On Tuesday, a former student of the graphic designer Mike Joyce sent him an e-mail congratulating him for the design of Yahoo’s News Digest iPad app. The look and feel of the section landing pages of the app, which curates news stories, was classic Joyce: midcentury, Swiss-inspired shapes, patterns, and color blocks.
“I wrote back and said, ‘what do you mean?’ said Joyce, the founder of Swissted.com, a website that takes music show flyers and reimagines them in the modernist Swiss style. “And he said: ‘Oh man, Yahoo totally ripped you off.”
It was, Joyce said, “like I was kicked in the stomach.” As he scrolled through the iPad app, he could name the posters he designed that Yahoo had copied. The Sports screen had elements from the “Refused” and “Gangrene” posters, he said. The “Entertainment” poster had shapes and colors from his “Samiam” and “Iggy Pop” posters. “All of my designer friends were shocked.”
The people at Yahoo, which launched this version of the app in September 2014, see things differently. “For the iPad app, the Yahoo News Digest team was inspired by the famous 1950s Swiss modernism movement and drew from its typographic style, principles of color, restraint, and geometry,” said a spokesman via e-mail. “We felt applying that aesthetic to news was a great place to celebrate that influence.” In other words, Yahoo and Joyce were inspired by the same movement. No big deal.
To the lay person’s eye, the designs are unnervingly similar. But interestingly enough, numerous design industry professionals agree with the technology company. “Yahoo seems to clearly reference Swissted in their app,” says Michael J. Walsh, director of design and digital media for Visual Arts Press, the design studio for School of Visual Arts, and an instructor in the school’s BFA program. “But Swissted did the same to others, too. Appropriation has gone on for some time now.” Just because Swissted was there first, Walsh says, doesn’t mean that Joyce can lay claim to an entire design language, no matter how similar Yahoo’s might be to his own work. “When you’re talking flat surface design, there aren’t many options to make it something new,” Walsh says. If it’s drawn from the same stylistic reference, “it’s going to be very similar.”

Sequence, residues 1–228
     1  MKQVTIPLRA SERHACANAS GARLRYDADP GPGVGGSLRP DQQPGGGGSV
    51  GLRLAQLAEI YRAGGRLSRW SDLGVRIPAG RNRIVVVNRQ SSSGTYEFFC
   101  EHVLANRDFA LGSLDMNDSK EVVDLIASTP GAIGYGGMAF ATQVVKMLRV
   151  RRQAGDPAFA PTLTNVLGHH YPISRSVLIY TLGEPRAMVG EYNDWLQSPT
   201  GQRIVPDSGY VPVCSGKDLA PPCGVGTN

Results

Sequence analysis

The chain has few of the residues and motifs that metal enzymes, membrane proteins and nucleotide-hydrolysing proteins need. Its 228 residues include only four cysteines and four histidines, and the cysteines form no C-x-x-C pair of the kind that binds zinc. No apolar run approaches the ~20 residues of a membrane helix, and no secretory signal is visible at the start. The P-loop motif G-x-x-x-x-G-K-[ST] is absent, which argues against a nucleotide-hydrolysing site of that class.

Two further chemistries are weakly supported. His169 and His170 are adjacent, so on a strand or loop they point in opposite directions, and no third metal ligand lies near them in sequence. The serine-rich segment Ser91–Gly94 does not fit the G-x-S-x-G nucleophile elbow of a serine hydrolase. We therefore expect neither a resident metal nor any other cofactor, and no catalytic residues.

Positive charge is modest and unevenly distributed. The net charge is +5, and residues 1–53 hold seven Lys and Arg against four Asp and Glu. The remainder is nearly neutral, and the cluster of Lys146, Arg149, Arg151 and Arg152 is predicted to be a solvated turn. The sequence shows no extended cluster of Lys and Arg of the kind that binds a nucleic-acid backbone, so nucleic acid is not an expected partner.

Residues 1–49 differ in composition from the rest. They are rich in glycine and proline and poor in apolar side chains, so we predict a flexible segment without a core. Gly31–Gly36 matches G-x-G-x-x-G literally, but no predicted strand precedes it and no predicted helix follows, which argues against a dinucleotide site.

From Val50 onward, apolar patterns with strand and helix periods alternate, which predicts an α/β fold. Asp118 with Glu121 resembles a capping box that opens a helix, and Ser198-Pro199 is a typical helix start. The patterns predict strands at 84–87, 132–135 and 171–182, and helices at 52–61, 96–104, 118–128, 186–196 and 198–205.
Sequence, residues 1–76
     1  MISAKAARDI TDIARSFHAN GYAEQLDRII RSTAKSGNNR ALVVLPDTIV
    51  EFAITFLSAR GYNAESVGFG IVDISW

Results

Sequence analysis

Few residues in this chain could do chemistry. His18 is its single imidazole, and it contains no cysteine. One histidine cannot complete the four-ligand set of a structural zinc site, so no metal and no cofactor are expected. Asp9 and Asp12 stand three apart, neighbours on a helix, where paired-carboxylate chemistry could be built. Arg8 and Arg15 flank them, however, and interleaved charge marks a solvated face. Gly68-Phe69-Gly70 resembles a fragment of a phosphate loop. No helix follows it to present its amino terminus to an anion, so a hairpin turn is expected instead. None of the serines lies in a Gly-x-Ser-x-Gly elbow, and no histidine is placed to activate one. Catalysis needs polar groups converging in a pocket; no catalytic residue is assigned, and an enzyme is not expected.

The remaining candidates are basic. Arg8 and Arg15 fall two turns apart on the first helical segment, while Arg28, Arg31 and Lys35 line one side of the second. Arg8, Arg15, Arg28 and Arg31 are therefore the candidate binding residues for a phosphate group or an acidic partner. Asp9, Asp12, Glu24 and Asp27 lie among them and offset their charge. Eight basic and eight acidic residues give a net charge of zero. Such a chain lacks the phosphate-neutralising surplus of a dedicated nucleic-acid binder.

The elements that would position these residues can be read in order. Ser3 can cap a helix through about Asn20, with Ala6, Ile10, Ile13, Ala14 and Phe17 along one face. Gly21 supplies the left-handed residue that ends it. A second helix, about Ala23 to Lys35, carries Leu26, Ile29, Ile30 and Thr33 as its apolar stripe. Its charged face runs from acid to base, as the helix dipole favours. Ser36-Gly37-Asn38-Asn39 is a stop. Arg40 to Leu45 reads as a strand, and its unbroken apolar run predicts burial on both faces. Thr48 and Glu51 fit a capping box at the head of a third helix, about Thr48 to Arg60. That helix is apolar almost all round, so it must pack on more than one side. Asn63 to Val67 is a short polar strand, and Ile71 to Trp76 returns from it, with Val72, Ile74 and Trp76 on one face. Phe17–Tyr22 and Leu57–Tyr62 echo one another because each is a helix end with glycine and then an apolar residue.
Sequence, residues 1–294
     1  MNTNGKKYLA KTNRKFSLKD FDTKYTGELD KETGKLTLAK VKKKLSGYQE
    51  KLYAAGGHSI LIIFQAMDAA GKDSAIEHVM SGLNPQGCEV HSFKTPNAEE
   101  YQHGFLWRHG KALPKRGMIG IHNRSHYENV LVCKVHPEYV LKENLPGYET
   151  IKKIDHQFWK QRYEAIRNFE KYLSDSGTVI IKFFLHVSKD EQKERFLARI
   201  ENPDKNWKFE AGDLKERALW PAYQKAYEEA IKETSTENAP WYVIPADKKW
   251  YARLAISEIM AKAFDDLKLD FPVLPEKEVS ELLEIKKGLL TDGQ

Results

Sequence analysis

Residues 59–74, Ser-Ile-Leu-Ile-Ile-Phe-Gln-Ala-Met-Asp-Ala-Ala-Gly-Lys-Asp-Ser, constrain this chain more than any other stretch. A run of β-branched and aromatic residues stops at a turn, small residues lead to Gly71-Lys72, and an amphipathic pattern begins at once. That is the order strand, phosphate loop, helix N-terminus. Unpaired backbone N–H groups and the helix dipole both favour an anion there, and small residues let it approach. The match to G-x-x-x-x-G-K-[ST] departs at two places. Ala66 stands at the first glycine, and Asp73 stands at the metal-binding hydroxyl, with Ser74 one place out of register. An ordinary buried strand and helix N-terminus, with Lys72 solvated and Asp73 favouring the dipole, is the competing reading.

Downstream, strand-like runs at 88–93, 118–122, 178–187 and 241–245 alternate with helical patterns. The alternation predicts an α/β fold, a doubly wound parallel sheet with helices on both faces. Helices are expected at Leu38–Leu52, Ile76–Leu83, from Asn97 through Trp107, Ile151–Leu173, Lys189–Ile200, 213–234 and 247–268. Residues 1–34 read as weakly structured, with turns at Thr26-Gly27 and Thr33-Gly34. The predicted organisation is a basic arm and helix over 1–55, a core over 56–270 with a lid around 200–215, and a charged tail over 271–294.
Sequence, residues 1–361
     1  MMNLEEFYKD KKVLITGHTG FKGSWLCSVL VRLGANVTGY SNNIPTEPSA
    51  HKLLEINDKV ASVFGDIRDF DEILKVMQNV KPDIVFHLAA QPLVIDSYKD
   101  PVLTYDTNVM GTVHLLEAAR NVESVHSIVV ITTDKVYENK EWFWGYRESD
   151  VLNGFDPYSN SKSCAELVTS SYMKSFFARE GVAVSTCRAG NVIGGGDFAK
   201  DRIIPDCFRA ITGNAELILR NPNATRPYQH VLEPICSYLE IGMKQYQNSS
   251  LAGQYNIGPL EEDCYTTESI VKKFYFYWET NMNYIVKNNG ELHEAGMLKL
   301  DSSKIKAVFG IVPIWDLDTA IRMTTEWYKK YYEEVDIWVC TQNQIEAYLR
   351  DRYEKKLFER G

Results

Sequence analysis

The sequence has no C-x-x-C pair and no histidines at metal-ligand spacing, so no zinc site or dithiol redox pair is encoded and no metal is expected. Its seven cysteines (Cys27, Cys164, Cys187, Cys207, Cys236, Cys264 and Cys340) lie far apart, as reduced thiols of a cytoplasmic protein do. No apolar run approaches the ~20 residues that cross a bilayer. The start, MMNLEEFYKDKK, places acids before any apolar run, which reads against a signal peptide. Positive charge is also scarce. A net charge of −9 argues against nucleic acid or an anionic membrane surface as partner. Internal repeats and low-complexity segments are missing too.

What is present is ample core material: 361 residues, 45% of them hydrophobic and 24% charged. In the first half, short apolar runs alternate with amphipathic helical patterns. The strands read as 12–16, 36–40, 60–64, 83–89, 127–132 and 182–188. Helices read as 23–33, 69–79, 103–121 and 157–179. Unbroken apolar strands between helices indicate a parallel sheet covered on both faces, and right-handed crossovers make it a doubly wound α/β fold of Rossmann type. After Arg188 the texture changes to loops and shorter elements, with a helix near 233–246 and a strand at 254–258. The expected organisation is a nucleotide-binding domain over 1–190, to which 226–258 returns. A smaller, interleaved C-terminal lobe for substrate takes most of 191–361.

Paula Scher, a New York partner in the design firm Pentagram, echoed Walsh’s sentiment via e-mail. “Most designers and other young artists begin by copying something,” she wrote. “That’s how they learn. It’s hard to really know what the source of the Yahoo thing is, as Helvetica Swiss Modern revivalist style has been popular with youngish people since the end of the 1990s.”
But Joyce isn’t having it. “You can say that you’re inspired by the International typographic style, and that’s fine, so are a lot of people,” says Joyce. “But Yahoo was lifting the exact shapes and colors from my posters,” he continues. “They even use my vintage white, which proves they weren’t just “inspired,” simply because Swiss modernism didn’t use vintage white.”
To Joyce, the matter is clear cut: Those shapes, those colors, and that layout aren’t similar to his work; they are his work. But to Walsh and Scher, that distinction doesn’t matter. Everyone, they say, copies. “Sometimes designers develop their own visual language, sometimes they continue to follow what’s contemporarily fashionable,” writes Scher. “Real innovation is rare and hard.”
The only people who try to draw firm lines between inspiration and intellectual copyright infringement, says Walsh, “are lawyers.”
Even for lawyers, however, the case is far from open and shut. “Is there a problem? Yes. But is it a problem that would be actionable? Probably not, unless someone had really deep pockets,” said Frank Martinez, a patent attorney who specializes in artists’ rights. “So this issue is, is the issue worth fighting? Maybe, maybe not, but I wouldn’t give a high percentage of success. Is it worth it? I don’t think so.”
So: Is Yahoo’s app illegal? No, says Martinez. Was it even unusual for the industry? No again, say Walsh and Scher. And yet. “Anyone with one eyeball can see that they took my exact elements from my exact posters,” says Joyce. “That’s not inspiration, that’s lifting straight up.”
Walsh, the design professor, says that everyone’s missing the point. “If they were copying for a good reason, it would be smart,” he says. “But I don’t think it’s that smart, because I don’t think it really works for what Yahoo’s trying to do. It’s sort of like it’s an easy way out to present news, because they couldn’t think of a better way.”